Post Script: There should be a NOT inserted above between the words we and should... sorry!
Branson was in the press yesterday slating the NHS as dirty and incompetant. Apparently he couldn't find an NHS hospital with no incidences of MRSA or CDiff. He has now persuded his father to have his hip done privately. Given that Branson has set up his own health care business, is this a deliberate attempt to drum up business using his father for publicity?
CDiff and MRSA are prevalent on medical wards that admit emergency patients and patients with infections. There are virtually no private hospitals seeing this class of patient, they can also pre-screen patients and admit them for short periods - no wonder they have low HCAIs compared to the NHS. Obviously we all want the NHS to do better, but Branson's comparisons with an airline is bizarre.
The letter from Wendy:
Mark Lawson (A poisonous prescription, December 7) rightly identifies the threat to the basic principles of the NHS that allowing those who can afford it to pay for extra drug treatment poses. However we dispute that "the NHS could not have afforded this" (ie expenditure on expensive life-prolonging drugs). From the figures given in Professor Richards' review, Improving Access to Medicines for NHS Patients, we calculate that the cost of providing unapproved drugs would be £120m a year, which is a tiny proportion of the £110bn NHS budget.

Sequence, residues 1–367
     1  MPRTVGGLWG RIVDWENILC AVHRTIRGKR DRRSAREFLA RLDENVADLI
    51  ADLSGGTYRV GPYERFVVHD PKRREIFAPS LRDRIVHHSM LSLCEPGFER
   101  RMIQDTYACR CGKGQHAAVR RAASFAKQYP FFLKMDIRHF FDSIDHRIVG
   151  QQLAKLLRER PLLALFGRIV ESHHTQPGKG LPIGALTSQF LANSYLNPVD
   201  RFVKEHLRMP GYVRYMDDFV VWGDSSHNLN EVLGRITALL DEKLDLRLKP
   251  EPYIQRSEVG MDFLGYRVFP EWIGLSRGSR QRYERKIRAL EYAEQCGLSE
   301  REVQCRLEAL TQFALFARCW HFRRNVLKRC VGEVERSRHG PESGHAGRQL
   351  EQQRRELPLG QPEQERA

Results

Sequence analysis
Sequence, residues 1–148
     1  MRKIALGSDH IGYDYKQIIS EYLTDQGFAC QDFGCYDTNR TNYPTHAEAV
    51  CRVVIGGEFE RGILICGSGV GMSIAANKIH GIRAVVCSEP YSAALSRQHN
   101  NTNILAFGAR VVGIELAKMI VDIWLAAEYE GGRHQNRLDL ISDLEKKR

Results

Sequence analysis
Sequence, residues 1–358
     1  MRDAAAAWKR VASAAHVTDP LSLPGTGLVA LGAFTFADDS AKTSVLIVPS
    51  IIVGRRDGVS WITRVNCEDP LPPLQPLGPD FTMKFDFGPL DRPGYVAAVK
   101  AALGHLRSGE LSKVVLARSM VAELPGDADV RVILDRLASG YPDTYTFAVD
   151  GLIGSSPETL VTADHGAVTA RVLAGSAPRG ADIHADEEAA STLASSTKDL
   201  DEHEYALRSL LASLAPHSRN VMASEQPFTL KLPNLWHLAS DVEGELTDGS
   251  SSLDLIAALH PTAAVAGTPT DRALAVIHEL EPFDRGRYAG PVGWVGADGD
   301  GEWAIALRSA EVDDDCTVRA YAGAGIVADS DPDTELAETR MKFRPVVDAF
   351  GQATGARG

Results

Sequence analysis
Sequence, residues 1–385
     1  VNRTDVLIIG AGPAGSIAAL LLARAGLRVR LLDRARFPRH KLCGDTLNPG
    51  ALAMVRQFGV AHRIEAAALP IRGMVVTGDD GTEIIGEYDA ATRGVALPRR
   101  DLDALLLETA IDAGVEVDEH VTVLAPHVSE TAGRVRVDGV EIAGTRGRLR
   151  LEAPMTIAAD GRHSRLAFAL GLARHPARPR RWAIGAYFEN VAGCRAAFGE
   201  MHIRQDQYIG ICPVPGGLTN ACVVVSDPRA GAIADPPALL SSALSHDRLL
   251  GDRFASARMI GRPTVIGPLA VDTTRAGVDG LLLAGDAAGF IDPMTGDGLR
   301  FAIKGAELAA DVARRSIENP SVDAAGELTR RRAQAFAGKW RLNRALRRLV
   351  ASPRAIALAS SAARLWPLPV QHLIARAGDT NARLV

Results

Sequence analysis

The NHS has not overspent this year and foundation trusts are sitting on surpluses of £400m. The international evidence is that the introduction of top-up fees increases inequality and that the poor suffer most - surely not what Gordon Brown with his "war on poverty" wishes to happen. The review is out for consultation until January 27, but does not give the option of paying for these drugs. We will be mounting a campaign to fight this proposal.
Chair, Keep Our NHS Public